George: It is good but the competition is increasingly fierce. As an example, the last 63 students that applied to the AAPM Summer Undergraduate Fellowship Program had an average GPA of 3.61/4.00, and the 12 that were offered AAPM Summer Fellowships had an average GPA of 3.85/4.00. The competition is being driven by the high salaries available. An entry-level medical physicist with a master’s degree currently makes around $85,000 a year, and according to AAPM’s professional salary survey this will rise to $145,000 after about five years experience and professional certification. So the career compensation indicates there is a very good pay off to investing in your graduate education in the medical physics field.
Ervin: One reason medical physics is so competitive is because it is not like some other physics disciplines where, if an experiment fails, and you say, "Ok, let’s set this up again and get it right." Experiments and clinical treatments must be setup with extreme care and precision because you are dealing with living, breathing people. There is no flexibility. On the other hand, there is an advantage that if you choose to go the clinical route, there is not the pressure of academia where you constantly have to publish, either. There is a trade-off; it is just a different kind of pressure.
MK: So what advice would you give to an undergraduate student interested in medical physics?
Ervin: Get the best all-around physics background you can and make sure you have a solid base in modern physics as well. If you want to become a medical physicist, you need at least a master’s degree in medical physics, preferably from an accredited program. You can find information on individual programs at university websites. You can also go online to AAPM.org to find more information on medical physics as a profession. It is also recommended that you complete a 2-year residency program in medical physics, much like a medical doctor specialist must do. Unfortunately, currently there are too few medical physics residency positions available to satisfy all the need and demand.
For those looking to advance their career or do research, many folks get medical board certification, which is administered by the American Board of Radiology (ABR) or the Canadian College of Physicists in Medicine (CCPM). If you are going to do research or teach, a PhD is usually required. We hope the interesting challenges and the many rewards of being a medical physicist will attract more good students to the field.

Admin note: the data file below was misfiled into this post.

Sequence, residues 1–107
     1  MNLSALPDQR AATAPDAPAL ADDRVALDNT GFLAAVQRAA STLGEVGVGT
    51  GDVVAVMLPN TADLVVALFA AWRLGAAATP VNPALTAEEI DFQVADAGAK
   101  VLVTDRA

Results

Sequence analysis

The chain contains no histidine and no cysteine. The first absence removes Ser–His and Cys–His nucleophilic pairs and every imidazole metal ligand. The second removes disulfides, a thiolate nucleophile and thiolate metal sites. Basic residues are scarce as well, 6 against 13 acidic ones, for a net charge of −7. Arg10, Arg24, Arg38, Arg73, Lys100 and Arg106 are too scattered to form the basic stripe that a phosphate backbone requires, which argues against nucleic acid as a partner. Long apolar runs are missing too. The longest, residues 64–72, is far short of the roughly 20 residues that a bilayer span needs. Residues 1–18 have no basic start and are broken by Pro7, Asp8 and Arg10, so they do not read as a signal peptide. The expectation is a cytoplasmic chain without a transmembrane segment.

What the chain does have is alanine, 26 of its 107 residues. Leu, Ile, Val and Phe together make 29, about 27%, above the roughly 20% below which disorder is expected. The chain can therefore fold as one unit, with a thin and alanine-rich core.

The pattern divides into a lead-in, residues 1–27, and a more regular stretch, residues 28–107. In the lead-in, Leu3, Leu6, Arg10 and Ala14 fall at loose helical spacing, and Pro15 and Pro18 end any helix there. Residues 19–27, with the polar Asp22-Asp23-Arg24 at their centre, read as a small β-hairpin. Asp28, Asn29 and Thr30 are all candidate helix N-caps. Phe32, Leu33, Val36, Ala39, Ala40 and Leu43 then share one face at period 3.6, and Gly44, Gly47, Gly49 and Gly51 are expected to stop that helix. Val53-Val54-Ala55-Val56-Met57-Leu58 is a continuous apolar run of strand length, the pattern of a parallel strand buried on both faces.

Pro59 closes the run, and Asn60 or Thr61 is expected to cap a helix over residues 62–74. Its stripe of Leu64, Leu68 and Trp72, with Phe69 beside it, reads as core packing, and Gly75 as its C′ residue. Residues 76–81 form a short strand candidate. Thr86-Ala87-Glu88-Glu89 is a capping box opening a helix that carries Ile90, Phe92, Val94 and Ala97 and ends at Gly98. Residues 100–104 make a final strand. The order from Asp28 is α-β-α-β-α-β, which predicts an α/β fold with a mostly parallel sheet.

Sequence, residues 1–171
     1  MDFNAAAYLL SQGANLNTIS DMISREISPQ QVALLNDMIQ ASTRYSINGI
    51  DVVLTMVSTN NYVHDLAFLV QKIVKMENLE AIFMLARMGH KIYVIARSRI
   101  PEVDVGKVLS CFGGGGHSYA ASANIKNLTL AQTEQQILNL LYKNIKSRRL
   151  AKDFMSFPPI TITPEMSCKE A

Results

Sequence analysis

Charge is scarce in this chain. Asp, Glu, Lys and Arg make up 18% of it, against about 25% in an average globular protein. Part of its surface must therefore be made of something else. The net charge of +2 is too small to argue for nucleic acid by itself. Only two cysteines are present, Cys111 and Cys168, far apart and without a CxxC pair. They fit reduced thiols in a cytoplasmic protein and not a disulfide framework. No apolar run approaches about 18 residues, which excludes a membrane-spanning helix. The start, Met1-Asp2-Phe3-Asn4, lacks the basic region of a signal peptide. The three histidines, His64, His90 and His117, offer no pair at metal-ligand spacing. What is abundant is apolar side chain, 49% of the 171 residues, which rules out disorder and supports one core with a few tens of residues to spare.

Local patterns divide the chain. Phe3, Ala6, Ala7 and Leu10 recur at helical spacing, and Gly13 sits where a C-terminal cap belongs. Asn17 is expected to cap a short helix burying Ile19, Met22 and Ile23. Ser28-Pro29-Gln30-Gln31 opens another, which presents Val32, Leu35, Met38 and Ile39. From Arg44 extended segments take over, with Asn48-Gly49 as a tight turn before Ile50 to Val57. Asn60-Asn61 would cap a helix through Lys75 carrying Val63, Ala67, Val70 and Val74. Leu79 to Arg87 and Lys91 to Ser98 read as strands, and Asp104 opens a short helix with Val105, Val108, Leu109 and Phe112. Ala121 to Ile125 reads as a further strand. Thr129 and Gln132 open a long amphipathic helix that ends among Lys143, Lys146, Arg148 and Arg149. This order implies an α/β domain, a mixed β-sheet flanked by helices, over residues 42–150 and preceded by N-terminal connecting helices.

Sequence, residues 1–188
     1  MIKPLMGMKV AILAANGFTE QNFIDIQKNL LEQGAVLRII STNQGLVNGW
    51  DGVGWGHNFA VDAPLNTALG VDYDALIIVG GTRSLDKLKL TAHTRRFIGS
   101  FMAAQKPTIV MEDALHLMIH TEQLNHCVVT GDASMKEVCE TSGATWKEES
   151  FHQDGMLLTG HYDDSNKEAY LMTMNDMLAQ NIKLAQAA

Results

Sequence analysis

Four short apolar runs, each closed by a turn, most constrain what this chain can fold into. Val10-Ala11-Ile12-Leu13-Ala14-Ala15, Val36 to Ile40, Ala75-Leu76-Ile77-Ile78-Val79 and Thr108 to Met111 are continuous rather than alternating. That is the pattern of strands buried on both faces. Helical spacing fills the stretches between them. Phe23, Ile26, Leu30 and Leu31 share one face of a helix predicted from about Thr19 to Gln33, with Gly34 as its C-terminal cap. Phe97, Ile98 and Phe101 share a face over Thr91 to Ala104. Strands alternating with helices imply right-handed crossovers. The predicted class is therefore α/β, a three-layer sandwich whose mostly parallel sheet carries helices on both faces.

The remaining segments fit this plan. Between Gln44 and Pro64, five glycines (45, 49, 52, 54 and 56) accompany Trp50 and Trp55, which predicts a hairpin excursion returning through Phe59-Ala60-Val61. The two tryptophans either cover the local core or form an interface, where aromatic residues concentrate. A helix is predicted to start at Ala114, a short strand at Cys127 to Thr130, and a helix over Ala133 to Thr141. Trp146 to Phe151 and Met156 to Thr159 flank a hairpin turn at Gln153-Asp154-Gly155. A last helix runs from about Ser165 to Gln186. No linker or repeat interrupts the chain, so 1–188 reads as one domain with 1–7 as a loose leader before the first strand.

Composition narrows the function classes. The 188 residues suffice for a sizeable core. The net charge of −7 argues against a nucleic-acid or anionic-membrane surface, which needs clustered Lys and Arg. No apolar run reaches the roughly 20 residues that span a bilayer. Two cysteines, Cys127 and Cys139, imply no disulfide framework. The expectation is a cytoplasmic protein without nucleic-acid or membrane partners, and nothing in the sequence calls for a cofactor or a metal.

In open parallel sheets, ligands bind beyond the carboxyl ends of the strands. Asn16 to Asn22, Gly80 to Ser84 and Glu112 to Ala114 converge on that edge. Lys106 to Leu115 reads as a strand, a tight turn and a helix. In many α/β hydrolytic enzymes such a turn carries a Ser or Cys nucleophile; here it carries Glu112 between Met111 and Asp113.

George: We try to recruit the best and the brightest because the talented students we bring into the field are the future of our profession. We think our growing community of medical physics will continue to be a successful and rewarding field for many years to come.
Dr. George Sandison is an Associate Dean for the College of Pharmacy, Nursing, and Health Science, and he is the Head of the School of Health Sciences at Purdue University in West Lafayette, Indiana. He is also the coordinator of the AAPM Summer Undergraduate Fellowship program which is described at: http://www.aapm.org/announcements/summer_undergrad_fellow/. For more information about Purdue’s medical physics programs, visit: http://www.healthsciences.purdue.edu/
Dr. Marilyn Stovall is a professor and researcher at The University of Texas’ M. D. Anderson Cancer Center in Houston, Texas. For more information on the University of Texas’ Health Science Center, visit: http://www.uth.tmc.edu/
Dr. Ervin Podgorsak is a professor of medical physics at McGill University in Montreal, Canada, as well as a director of the medical physics unit of McGill University and the director of medical physics department at the McGill University Health Centre. Congratulation go out to Dr. Podgorsak for being the 2006 recipient of the Coolidge Award, the highest honor in the AAPM, presented to a member who has exhibited a distinguished career in medical physics, and who has exerted a significant impact on the practice of medical physics. For more information about the McGill University medical physics program, visit: http://www.medphys.mcgill.ca.
Michael Kuss is a third year undergraduate at Embry-Riddle Aeronautical University in Engineering Physics. He is also a research assistant at the Space Physics lab, as well as the president of Embry-Riddle’s SPS chapter.
For further reading on the 2006 meeting proceedings, visit: http://www.aapm.org/meetings/06AM/.
For more information on accredited medical physics programs, visit: http://www.campep.org/